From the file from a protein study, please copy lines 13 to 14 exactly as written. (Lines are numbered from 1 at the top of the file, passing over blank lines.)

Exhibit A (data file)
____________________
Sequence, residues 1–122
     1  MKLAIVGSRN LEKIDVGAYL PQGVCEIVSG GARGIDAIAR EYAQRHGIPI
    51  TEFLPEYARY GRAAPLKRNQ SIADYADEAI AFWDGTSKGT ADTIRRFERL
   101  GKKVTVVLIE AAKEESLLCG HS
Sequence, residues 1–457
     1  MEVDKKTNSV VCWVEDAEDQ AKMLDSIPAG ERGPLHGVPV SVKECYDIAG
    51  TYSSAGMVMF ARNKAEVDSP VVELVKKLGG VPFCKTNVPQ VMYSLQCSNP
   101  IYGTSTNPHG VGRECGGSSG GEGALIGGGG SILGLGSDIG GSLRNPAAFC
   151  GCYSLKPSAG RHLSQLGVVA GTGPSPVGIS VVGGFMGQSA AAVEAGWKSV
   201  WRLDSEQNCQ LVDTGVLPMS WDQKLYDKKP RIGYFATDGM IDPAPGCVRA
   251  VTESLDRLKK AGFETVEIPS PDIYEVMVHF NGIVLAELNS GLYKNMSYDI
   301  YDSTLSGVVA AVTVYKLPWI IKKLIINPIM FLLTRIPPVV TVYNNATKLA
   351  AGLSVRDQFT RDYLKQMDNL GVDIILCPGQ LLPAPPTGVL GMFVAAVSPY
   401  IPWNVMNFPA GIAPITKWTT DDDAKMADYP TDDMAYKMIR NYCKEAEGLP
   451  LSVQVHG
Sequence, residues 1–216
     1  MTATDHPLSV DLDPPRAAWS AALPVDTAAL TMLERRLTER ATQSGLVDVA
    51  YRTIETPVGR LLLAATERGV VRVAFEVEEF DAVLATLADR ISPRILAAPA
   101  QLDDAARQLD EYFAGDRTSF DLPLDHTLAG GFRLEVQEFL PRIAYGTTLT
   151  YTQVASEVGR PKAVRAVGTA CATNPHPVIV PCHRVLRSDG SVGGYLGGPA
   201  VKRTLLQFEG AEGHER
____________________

   351  AGLSVRDQFT RDYLKQMDNL GVDIILCPGQ LLPAPPTGVL GMFVAAVSPY
   401  IPWNVMNFPA GIAPITKWTT DDDAKMADYP TDDMAYKMIR NYCKEAEGLP